NegusWhoRead
Sex & Relationships
Garbagemen vs Garbage Men: Lessons on Updating My Dating Status

It started out innocently enough–with a tongue-in-cheek play on words that went over half of the audience’s head. Little did I know that it would reveal a greater problem with the dynamics of dating standards when it comes to men versus women.

The Facebook status read:

I just got asked out on a date by the garbageman.  Dating garbage men is pretty indicative of my love life as a whole.” 

Some people understood that the second “garbage” was an adjective and not the actual occupation.  Again, many of my statuses are either satirical, informative, comical and–on a good day–all of the above, but for some reason, a great number of people didn’t get it, which left me and other friends frustrated at the missed joke. “I just got asked out on a date by the garbage man.  Dating garbage men is pretty indicative of my love life as a whole.”  Some people got that the second garbage was an adjective and not the actual occupation.  Again, many of my statuses are either satirical, informative, comical and–on a good day–all of the above, but for some reason, a great number of people didn’t get it, which left me and other friends frustrated at the missed joke.

My frustration, however, came from the fact that the common response was, “you should date him, they make a lot of money! They have good benefits! They make 80k a year…” or something of the like. Not to mention they missed the genius of my joke (side eye).  Only one person after over 100 comments decided to even ask me if I said “yes,” because the immediate assumption was that my shallowness disallowed me to date someone who was a “garbage man,” versus solely dating men who turned out to be garbage. Not one person asked if I found him attractive, if he was nice, or if he had any other redeeming qualities. Nope.The general consensus was that I should date him simply because he made a lot of money.  Even after I informed people that I wasn’t in need of someone who made a lot of money, and in fact, I was faring well on my own, it was still the driving point to the majority of everyone’s argument.

Which makes me wonder, why is there such a strong sentiment for people to think that a woman needs saving?  This whole fairytale, Cinderella story of Prince Charming saving me from my four-bedroom house that I live in with my evil, cuddly cats and whisking me off to our happily-ever-after in his waste management truck is completely wack.  In all honesty, he is very nice, but I don’t find him attractive, and while everyone is expecting me to be shallow in regards to how much money he makes, my shallowness lies in, “what my babies gon’ look like though?” I don’t relegate myself to being a damsel in distress and quite honestly, whenever I have found myself in a bind that I can’t get out of without help from an outside source, nine times out of ten, it has mostly been another woman who helped me. (Shout out to my mama, I love you girl, P.O.P. hold it down!)

Why are women forced into these archaic rules for dating?  Why are women often relegated to, “you owe yourself this man, simply because he makes good money, you don’t have to like him, but you will learn to love him, he will take great care of you?”  Got me out here feeling like Rose Dawson.  Listen, there is nothing wrong with being a garbage man at all, and I would even date someone who was a garbage man, but in all honesty, my personality would probably vibe better with someone who was a starving artist rather than a paid garbage man–or more importantly–is that your endgame?  I am an extremely passionate person and passion is also attractive to me. I would want to date someone who is passionate about what he does but I am also practical enough to know that pursuing your passion is not always attainable.  Now, now, now, he could have been my Prince Akeem, “when you think of trash, think of Akeem,” and per the comments, he had his own money, but he wasn’t quoting Nietzsche either. He asked me out simply based on my looks and one dry ass conversation. I feel like I should have the right to turn him down guilt-free based on the same set of criteria. If he was fine and made me laugh, you best believe I would have my ass on the back of that truck, like, “let’s go boo,” but I shouldn’t be made to feel guilty for wanting to be with someone who was someone I would consider an equal on multiple fronts.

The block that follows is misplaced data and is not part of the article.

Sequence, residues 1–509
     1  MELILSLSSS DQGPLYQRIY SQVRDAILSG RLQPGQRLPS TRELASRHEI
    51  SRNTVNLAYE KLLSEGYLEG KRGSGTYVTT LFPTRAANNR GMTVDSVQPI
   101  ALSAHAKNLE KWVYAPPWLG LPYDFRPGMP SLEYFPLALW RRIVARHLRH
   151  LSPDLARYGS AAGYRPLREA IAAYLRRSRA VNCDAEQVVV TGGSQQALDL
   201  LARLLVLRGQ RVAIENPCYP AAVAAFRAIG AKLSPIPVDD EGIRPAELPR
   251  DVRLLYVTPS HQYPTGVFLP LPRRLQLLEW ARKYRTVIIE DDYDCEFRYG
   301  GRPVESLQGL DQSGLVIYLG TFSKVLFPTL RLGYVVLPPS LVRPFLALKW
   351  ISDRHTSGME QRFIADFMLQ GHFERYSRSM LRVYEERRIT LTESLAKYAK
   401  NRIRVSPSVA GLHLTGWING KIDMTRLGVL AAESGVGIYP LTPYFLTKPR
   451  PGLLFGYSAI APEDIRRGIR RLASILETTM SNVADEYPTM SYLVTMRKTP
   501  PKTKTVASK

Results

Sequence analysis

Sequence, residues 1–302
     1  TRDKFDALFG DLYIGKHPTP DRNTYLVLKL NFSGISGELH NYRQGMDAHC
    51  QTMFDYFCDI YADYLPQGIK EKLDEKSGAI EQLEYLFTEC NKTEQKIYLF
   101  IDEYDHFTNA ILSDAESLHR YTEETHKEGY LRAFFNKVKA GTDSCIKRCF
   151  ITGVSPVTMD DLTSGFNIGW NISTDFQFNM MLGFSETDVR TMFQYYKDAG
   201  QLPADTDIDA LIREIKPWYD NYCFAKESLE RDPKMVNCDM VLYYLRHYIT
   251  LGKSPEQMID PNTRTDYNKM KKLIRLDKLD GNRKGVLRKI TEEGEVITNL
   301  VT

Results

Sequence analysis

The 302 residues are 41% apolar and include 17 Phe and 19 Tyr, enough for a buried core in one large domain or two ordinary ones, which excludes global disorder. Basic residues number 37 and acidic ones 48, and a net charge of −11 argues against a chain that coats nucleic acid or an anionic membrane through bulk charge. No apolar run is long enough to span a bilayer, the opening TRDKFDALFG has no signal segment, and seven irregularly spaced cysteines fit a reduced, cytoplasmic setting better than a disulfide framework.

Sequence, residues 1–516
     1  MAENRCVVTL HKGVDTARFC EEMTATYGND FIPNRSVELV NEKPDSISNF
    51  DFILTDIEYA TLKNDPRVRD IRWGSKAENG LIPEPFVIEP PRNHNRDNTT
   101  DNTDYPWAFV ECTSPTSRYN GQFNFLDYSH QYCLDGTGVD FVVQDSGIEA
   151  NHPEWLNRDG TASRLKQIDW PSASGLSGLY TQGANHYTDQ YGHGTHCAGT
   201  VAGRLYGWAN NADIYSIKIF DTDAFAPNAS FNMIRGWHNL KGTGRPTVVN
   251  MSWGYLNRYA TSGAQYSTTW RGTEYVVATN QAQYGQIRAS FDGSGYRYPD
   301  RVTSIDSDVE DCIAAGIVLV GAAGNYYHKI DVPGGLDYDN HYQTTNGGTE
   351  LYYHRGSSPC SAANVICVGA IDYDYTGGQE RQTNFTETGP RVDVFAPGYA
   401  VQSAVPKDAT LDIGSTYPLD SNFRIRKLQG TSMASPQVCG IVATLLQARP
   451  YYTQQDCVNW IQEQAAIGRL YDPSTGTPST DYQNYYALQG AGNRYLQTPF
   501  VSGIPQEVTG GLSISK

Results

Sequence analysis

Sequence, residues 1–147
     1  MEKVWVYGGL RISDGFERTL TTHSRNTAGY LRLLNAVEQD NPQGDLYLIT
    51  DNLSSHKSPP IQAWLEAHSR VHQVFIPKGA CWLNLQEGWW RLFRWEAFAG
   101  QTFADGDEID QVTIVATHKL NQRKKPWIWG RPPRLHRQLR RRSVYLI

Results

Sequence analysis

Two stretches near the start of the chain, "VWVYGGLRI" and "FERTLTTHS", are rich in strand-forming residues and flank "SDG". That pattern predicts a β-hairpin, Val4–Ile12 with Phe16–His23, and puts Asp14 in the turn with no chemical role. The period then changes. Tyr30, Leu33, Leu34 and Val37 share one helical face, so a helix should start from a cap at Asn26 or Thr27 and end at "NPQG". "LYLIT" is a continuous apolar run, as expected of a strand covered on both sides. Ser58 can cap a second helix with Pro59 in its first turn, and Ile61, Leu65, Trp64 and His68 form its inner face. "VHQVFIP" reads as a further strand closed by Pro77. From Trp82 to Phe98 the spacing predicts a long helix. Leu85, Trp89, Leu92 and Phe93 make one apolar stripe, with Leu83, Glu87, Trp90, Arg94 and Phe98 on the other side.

Now correct me if I’m wrong, but when men date, they are allowed to pursue women with a litany of “qualifications,” and in fact encouraged to do so.  Men aren’t out here being told that they should date someone based on her financials.  Men aren’t encouraged to date women they aren’t physically attracted to because she makes good money or has a big heart.  Maybe one day when I’m tired of living the life of a lonely cat lady searching for love, I will feel differently, and turn that trashman into my treasure,  just for the simple fact that I don’t have to be alone, but today won’t be that day, and next Wednesday at 10 am, isn’t looking too good either.

About the author

Kyla Jenee Lacey is primarily a spoken word artist who has performed at over 100 colleges and universities in over 30 states. Her first poem was published when she was ten years old. She has been a three time finalist in the largest regional poetry slam in the country and nominated for numerous awards for college performers. She has a modest Facebook following due to her slight humor, her love for logic, her cynicism and love for cats. She is also feminist, blacktivist, LGBT ally, budding blogger and tree hugger.

twitter: Kyla_Lacey
Instagram: frequentfly_her

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